It became fractious, on occasions, with Touré’s agent Dimitri Seluk infamously complaining in 2014 that the player had been “disrespected” because the club had not given him a birthday cake and, two years later, criticised Guardiola’s management of City.
People don’t know how dedicated I was. I was so dedicated. This football club was my first wife to be honest. Even my wife knew it
But Touré says: “The way I was behaving during these difficult two years, I was behaving like a proper person. Even my step-father [Seluk], he is crazy sometimes, he is the type of guy who sometimes I think I just leave him alone because when sometimes you say the things you don’t want to say and after that you regret it. Me, when I am angry, I stay calm. I prefer to stay calm. Of course people have been talking about me but I don’t care at the end of the day. It’s me. People can say what they want. That’s OK. They have their opinion.”
Nevertheless, even if his status as one of City’s greatest players and one of the best midfielders in Premier League history is secured, Touré believes he deserves more. “I think maybe when I am retired from football I will have more respect,” he says.
“No, I don’t think so,” he says. “What I have achieved and what I have done, I don’t think so. That is why I am a little bit sad because people put a lot of pressure on Paul Pogba, because they want to compare him to me. We are different. I put the game so far away that people think it is easy. When you see the type of run, how many times you can do it, box-to-box, and be able to start the ball from defence and be able to finish as well, and how many games in the Premier League – we can count, we have it – Champions League, national team, between the travel, come back and be able to not have injury for many years.
“People don’t know how dedicated I was. I was so dedicated. This football club was my first wife to be honest. Even my wife knew it.”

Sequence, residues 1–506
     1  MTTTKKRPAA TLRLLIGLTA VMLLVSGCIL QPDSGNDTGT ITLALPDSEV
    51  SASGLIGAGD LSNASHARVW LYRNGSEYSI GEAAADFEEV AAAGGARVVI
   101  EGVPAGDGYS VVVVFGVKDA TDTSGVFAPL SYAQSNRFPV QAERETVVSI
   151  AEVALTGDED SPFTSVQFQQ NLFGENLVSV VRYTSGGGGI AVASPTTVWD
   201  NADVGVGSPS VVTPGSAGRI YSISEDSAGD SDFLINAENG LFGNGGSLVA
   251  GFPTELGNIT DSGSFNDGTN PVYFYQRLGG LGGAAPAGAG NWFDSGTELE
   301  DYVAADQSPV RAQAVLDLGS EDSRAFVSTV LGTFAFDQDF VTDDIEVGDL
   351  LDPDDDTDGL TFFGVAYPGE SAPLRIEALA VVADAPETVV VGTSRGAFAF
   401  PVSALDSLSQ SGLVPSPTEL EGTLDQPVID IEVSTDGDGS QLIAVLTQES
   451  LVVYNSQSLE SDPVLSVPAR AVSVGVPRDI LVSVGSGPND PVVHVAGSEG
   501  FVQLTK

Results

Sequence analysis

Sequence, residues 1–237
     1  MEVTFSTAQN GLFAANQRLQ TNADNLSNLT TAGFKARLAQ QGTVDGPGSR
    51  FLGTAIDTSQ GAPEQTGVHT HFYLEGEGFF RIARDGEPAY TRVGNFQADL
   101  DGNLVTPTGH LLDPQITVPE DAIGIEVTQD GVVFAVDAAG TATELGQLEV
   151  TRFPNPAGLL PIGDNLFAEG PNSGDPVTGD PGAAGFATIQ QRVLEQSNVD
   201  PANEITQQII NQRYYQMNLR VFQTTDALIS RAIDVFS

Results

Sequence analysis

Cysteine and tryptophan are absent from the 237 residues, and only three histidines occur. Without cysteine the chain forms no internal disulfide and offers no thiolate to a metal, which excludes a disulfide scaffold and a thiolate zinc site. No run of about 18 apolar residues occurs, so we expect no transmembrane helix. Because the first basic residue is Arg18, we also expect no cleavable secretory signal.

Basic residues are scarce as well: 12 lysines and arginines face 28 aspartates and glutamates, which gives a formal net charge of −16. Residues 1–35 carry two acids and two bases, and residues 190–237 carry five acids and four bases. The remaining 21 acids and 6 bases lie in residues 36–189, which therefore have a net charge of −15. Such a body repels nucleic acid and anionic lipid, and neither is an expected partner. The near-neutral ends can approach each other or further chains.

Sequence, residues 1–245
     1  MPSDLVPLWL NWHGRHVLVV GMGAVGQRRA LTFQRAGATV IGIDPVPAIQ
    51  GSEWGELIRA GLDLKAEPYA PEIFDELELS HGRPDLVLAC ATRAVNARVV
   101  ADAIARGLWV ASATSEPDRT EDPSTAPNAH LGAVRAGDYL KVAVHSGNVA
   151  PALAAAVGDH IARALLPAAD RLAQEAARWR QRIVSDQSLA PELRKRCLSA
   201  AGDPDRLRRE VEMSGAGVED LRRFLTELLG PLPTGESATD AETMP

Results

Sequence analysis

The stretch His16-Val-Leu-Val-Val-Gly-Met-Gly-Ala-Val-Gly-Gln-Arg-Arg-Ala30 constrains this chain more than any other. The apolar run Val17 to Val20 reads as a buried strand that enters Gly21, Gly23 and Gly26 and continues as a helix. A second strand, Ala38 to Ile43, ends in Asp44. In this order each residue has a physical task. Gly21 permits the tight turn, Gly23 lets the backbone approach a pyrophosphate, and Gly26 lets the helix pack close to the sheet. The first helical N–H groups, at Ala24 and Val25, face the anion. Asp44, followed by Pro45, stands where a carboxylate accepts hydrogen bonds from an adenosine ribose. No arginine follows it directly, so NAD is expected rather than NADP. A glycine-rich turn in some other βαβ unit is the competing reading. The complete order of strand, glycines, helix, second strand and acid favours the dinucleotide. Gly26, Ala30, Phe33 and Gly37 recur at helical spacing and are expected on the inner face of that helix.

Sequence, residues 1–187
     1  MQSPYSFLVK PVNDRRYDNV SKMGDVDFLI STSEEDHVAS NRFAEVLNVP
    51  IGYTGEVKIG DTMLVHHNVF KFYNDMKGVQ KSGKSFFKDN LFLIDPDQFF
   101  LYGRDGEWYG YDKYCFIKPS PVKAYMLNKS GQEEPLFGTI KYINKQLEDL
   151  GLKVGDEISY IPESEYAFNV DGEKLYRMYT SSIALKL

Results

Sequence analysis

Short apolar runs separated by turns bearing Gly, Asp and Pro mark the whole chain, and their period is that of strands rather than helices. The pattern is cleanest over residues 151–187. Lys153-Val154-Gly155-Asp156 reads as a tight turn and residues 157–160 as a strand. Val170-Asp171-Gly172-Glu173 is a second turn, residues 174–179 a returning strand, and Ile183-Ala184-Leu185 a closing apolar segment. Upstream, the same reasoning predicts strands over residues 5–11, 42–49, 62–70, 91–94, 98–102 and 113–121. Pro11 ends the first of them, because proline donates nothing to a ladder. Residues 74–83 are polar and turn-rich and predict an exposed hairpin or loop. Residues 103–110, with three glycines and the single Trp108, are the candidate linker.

And so Touré – 35 next Sunday – intends to play on and, probably, in the Premier League because his family wants to remain in England. “Like I said to Khaldoon a few times: Look, I am a competitor, I am a professional. I know my body. Nobody knows my body more than me. And I knew I could do it,” Touré says.
Manchester City’s Ivorian defender Kolo…Manchester City’s Ivorian defender Kolo Toure (L) and his brother Yaya Toure attend a team training session at the club’s Carrington training complex, in Manchester, north-west England on March 16, 2011
“I hate it when people try to stop me. I hate it when people say to me: ‘You have to stop.’ I hated that. It’s like: ‘I give you a limit.’ It depends on your mentality. And I have been learning that for such a long time. And I know what I can do and I will know when I am not capable of doing it. And I know I can continue to play football.”
Even if that means facing City? “My mum says ‘if you love something, keep it for you, but if you leave it, it’s free to do what it wants’. That’s my view, if you let me go, I have to face you,” Touré says. “I’m a big fan of the Gladiator movie. I’d have to win, I would never celebrate a goal against them [City]. I don’t want to face them but if I want to stay in the Premier League I will have to.
“What these fans and what this club wants from me, I have given to them. It’s like I’m empty. I’m free to go. I will be released, to go and assess my duty in a different club. Maybe clubs needs my experience, my thinking, my mentality.”
Manchester City chairman Khaldoon Al Mubarak joins Yaya Touré at the City Football Academy to rename a pitch at the club’s training ground after the midfielder. Al Mubarak unveiled a Yaya-inspired mosaic besides the training pitch to celebrate Touré’s eight years at the club ahead of his final game at the Etihad on Wednesday night.